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This Citrus Compote with Honey and Golden Raisins is excellent served on its own for a weekend brunch, this compote can also be warmed over low heat and spooned over ice cream or sorbet. For the best flavor and most juice, choose pink, red or white grapefruits that are relatively heavy for their size and springy to the touch. The compote can also be made with tangerines, tangelos or blood oranges in place of the oranges and grapefruits.

Let’s get started!









2 cups sweet dessert wine, such as late-harvest
Gewürztraminer, late-harvest Riesling, French
Sauternes or Muscat de Beaumes-de-Venise

1 cup fresh orange juice

2 Tbs. honey

1/2 vanilla bean

1/2 cup golden raisins

5 seedless oranges

2 grapefruits

3 kiwifruits



In a saucepan, combine the wine, orange juice and honey. Split the vanilla bean in half lengthwise and, using the tip of a knife, scrape the seeds into the pan. Add the pod and bring to a boil over high heat. Reduce the heat to medium and simmer, uncovered, until the liquid is reduced to about 1 cup, about 15 minutes. Remove from the heat and stir in the raisins. Transfer to a bowl and set aside to cool.

Using a sharp knife, cut a thick slice off the top and bottom of each orange to reveal the flesh. Then, standing each orange upright on a cutting surface, cut off the peel and white membrane in thick, wide strips. Working with 1 orange at a time, hold the orange over a bowl and cut along either side of each segment to free it from the membrane, letting the segments drop into the bowl. Repeat this same technique with the grapefruits, using the tip of the knife to remove any seeds.

Peel the kiwifruits. Cut each into 8 wedges and add to the oranges and grapefruits. Add the cooled liquid and raisins, remove the vanilla pod and stir.

To serve, spoon the fruit into individual bowls. Serves 6.

Excellent served on its own for a weekend brunch, this compote can also be warmed over low heat and spooned over ice cream or sorbet. For the best flavor and most juice, choose pink, red or white grapefruits that are relatively heavy for their size and springy to the touch. The compote can also be made with tangerines, tangelos or blood oranges in place of the oranges and grapefruits.


As always, thank you for reading!


Tell your friends, we will be starting our series of grilling classes at our Lark Inn Cooking Classes in May.  Visit our website to learn more.

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Ever hear of tea and crumpets?  At our “Lady’s Tea” cooking class at The Lark Inn we had tea and made wonderful crumpets.  They involve a yeast batter and while they are not particularly difficult, they do involve a couple of extra steps to produce these delectable treats!  Let’s make crumpets!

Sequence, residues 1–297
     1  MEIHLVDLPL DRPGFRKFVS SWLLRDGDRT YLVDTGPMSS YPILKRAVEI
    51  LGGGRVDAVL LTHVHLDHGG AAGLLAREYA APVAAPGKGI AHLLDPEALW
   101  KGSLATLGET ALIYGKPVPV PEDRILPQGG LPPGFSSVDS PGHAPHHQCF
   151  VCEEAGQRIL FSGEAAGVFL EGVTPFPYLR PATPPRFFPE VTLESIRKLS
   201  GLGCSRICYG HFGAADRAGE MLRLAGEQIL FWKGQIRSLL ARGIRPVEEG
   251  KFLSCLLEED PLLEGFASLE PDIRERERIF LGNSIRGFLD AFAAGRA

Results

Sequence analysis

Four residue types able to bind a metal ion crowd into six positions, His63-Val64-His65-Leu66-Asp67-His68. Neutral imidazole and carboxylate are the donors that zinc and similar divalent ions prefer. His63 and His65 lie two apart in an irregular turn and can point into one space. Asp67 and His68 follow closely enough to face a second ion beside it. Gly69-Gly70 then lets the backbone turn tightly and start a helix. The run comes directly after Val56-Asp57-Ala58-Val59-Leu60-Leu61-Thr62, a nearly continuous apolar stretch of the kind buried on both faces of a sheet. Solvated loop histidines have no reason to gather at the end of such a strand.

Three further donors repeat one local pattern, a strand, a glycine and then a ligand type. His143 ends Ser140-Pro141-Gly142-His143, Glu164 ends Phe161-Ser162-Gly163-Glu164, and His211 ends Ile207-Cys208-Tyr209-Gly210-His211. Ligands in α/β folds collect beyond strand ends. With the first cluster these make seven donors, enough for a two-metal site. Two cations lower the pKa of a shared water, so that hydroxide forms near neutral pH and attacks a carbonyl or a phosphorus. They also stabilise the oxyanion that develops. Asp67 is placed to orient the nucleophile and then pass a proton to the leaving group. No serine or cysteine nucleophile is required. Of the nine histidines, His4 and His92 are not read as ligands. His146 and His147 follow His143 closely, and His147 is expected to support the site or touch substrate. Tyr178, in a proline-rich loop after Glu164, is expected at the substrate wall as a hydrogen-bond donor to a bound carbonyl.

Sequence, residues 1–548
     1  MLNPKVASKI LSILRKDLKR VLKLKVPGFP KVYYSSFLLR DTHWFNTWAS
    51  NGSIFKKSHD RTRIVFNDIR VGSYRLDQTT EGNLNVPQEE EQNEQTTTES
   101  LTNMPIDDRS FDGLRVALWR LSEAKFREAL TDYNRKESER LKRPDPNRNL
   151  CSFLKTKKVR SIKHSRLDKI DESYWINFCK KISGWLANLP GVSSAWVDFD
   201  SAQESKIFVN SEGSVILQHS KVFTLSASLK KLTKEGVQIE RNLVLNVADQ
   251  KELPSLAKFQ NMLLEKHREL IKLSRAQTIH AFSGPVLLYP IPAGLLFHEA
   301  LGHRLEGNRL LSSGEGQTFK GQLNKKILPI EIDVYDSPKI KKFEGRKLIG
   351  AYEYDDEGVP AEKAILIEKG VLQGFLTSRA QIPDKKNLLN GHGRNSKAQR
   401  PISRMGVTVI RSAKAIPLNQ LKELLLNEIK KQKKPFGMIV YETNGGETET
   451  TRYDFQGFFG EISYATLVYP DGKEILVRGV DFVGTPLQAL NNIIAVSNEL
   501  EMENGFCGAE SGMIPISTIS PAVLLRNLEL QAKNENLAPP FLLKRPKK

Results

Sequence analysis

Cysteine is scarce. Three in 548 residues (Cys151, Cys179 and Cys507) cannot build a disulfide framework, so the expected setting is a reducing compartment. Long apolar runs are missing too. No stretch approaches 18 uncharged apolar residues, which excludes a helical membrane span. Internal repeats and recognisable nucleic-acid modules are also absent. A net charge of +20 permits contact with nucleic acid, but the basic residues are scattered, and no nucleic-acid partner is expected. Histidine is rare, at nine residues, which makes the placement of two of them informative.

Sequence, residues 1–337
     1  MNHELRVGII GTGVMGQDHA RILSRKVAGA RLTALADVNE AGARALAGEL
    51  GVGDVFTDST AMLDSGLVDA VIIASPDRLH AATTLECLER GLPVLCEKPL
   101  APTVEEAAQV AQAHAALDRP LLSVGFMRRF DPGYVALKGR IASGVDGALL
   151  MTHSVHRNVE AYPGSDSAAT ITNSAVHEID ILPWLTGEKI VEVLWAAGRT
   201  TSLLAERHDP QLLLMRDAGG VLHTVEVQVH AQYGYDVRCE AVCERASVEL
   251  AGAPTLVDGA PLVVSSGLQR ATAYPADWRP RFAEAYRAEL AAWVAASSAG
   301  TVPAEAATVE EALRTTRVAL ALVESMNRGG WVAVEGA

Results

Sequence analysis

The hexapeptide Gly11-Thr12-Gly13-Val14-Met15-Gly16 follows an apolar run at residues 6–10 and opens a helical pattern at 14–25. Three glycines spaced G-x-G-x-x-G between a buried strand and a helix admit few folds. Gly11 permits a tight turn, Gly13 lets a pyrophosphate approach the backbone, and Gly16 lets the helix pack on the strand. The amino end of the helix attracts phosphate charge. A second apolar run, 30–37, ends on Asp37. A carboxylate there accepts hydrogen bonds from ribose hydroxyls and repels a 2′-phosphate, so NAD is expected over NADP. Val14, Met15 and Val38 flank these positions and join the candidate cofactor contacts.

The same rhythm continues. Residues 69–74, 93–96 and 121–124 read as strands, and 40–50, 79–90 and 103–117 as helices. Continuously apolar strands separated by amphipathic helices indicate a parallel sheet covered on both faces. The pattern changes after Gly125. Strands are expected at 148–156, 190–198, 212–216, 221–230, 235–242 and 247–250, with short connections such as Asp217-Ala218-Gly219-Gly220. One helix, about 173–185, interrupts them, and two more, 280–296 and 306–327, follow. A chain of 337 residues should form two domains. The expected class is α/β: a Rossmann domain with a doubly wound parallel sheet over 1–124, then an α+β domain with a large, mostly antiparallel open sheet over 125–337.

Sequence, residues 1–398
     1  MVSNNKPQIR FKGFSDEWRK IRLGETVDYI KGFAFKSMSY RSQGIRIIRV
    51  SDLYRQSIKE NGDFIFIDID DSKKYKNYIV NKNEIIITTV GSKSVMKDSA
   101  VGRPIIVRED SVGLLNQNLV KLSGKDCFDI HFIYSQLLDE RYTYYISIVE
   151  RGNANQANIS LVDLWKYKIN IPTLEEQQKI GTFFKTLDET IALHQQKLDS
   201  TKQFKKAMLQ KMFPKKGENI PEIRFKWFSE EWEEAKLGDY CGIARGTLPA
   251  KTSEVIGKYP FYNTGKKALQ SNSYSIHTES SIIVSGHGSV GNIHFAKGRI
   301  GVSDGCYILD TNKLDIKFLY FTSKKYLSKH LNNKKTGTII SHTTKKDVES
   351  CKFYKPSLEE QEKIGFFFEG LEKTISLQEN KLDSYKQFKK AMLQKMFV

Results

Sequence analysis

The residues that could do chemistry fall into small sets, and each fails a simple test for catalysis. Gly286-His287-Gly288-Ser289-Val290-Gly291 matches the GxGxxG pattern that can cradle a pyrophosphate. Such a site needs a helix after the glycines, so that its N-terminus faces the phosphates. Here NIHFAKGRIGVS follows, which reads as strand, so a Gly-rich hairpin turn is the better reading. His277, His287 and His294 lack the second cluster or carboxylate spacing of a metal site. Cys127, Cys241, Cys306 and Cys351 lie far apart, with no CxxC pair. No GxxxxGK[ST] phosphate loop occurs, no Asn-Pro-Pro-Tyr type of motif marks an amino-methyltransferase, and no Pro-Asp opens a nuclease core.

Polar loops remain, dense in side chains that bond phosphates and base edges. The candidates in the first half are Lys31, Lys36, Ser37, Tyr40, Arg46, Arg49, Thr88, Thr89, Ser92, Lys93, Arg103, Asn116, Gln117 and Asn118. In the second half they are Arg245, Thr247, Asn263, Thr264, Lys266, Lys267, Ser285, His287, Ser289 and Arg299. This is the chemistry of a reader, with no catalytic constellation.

PREP: 15 minutes

GRILLING TIME: 7-8 minutes




2 cups (230g) unbleached white bread flour

1 2/3 cups (230g) unbleached all purpose flour

3/4 teaspoon cream of tartar

1 envelope active dry yeast (2 1/4 teaspoons) plus 1/2 teaspoon sugar

2 1/4 cups lukewarm water

3 1/2 teaspoons coarse sea salt

1/2 teaspoon baking soda

2/3 cup lukewarm milk



Sift together the flours and cream of tartar into a large bowl. Mix the dry yeast, mixing the granules and the sugar with 3/4 cup lukewarm water and let stand until foamy, 5 to 10 minutes. Stir in the remaining lukewarm water.

Mix the yeast mixture into the flour to make a very thick, but smooth batter, beating vigor

ously with your hand or a wooden spoon for two minutes. It should have the consistency of batter. Cover the bowl with plastic wrap

and let stand in a warm spot until the batter rises and then falls, about 45 minutes to 1 hour.

Add the salt and beat the batter for about 1 minute. Then cover the bowl and let stand in a warm spot for 15 to 20 minutes, so the batter can rest.

Dissolve the baking soda in the lukewarm milk. Then gently stir it into the batter. The batter should not be too stiff or your crumpets will be “blind” — without holes — so it is best to test one before cooking the whole batch.

Heat a very clean griddle or frying pan over moderately low heat for about 3 minutes until very hot. Put a well-greased crumpet ring on the griddle. Spoon or pour 1/3 cup of the batter into the ring. The amount of batter will depend on the size of your crumpet ring.

As soon as the batter is poured into the ring, it should begin to form holes. If holes do not form, add a little more lukewarm water, a tablespoon at a time, to the batter in the bowl and try again. If the batter is too thin and runs out under the ring, gently work in a little more all-purpose flour and try again. Once the batter is the proper consistency, continue with the remaining batter, cooking the crumpets in batches, three or four at a time. As soon as the top surface is set and covered with holes, 7 to 8 minutes, the crumpet is ready to flip over.

To flip the crumpet, remove the ring with a towel or tongs, then turn the crumpet carefully with a spatula. The top, cooked side should be chestnut brown. Cook the second, holey side of the crumpet for 2 to 3 minutes, or until pale golden. The crumpet should be about 3/4 inch thick. Remove the crumpet from the griddle. Grease the crumpet rings well after each use.

The only even slightly tricky part of the actual crumpet-making is that you have to remember to butter the crumpet rings (or tuna cans or whatever) very well inside and on the edges between each batch. When you’re ready to turn the crumpets, though the recipe suggests using tongs, it’s just as easy to use a flat knife to nudge the rings up and off the crumpets as soon as the outsides are solid. That way you can set them aside to cool so you can handle them as soon as the crumpets presently in the skillet or on the griddle are done.

Pour a nice cup of tea and enjoy your crumpets . . . slathered with butter and jam!

Thank you for reading!


CHECK OUR WEBSITE for availability of room at our next cooking class or availability of our get-a-way guesthouses in the Flint Hills of Kansas.